What voters can do is vote for a specific party or candidate to represent them, and then hold those politicians accountable to deliver bold climate policies. Voting is the highest-impact climate action we can take as citizens.
We need evidence-based assessments both to guide voters, and to push politicians to improve their policies. To my knowledge, our Researchers’ Desk report is the first formal analysis by scientists of Swedish political parties’ climate politics.
We need more of these analyses around the world. I’ve heard from researchers who are interested in conducting similar assessments for their own national, regional, or local elections. Get in touch if you want advice!
I’m incredibly grateful to the amazing colleagues and friends who worked on this report: Maria Wolrath Söderberg, Jessika Luth Richter, Svetlana Gross, Erik Pihl, Åsa Kasimir, Wim Carton, Thomas Hahn, and Alasdair Skelton; and to the many people who helped us make this analysis happen and share our findings.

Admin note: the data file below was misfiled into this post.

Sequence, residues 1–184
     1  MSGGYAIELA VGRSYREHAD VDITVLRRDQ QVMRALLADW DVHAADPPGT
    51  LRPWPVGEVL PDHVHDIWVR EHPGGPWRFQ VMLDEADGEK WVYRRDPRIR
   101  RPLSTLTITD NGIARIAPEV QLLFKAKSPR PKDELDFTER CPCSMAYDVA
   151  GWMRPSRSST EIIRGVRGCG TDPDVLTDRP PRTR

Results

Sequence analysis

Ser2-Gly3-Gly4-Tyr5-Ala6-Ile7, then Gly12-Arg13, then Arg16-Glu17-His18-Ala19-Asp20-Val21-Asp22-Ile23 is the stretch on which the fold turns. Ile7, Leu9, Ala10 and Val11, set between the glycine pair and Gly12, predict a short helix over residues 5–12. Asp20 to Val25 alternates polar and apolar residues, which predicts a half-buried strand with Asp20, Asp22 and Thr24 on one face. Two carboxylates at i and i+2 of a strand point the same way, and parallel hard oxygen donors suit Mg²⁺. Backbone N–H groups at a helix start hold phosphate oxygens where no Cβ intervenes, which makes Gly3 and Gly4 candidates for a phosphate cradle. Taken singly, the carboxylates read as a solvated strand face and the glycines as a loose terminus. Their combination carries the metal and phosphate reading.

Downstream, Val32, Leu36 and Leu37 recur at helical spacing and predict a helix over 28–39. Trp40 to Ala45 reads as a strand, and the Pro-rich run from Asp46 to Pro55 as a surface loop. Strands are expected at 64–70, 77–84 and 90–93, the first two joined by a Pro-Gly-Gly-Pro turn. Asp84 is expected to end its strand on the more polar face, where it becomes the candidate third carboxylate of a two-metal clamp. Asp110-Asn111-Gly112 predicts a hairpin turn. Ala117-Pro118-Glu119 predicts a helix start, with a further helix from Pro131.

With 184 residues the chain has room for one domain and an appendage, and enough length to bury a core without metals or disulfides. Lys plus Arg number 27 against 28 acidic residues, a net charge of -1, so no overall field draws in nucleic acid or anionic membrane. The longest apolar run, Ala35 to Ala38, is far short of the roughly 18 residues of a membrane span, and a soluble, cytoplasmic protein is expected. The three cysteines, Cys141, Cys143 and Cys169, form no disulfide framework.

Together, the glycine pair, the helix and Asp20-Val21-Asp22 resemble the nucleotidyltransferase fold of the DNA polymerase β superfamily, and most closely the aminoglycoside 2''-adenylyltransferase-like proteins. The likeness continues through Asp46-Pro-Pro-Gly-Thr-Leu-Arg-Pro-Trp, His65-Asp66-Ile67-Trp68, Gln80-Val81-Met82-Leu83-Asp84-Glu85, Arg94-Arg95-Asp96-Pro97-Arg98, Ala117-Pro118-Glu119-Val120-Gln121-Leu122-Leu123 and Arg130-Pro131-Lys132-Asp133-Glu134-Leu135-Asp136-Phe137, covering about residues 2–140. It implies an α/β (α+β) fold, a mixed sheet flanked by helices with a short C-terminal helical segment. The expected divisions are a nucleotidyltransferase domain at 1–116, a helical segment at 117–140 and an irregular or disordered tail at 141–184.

For more nerdy details on how we did the analysis, check out my Twitter thread. For news coverage (in Swedish), see the feature article in Dagens Nyheter and editorials from 9 Sept and 17 Sept; Sydsvenskan; Expressen; Omni.
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Feelings: Tough love from a climate scientist
I’m struggling with an uncomfortable climate feeling right now that I’m not sure what to do with. So I’ll put down a few words about it here, and see if anyone can relate!
Recently I’ve gotten a lot of questions about what to do about climate deniers. These questions inevitably come from people who are concerned or alarmed about climate change, who tell me they’re losing sleep thinking about their children’s future, and the people in Pakistan and Florida fleeing flooded homes, and dying forests and rivers.
The thing is, the other week, I hit a bit of a wall with fielding these questions.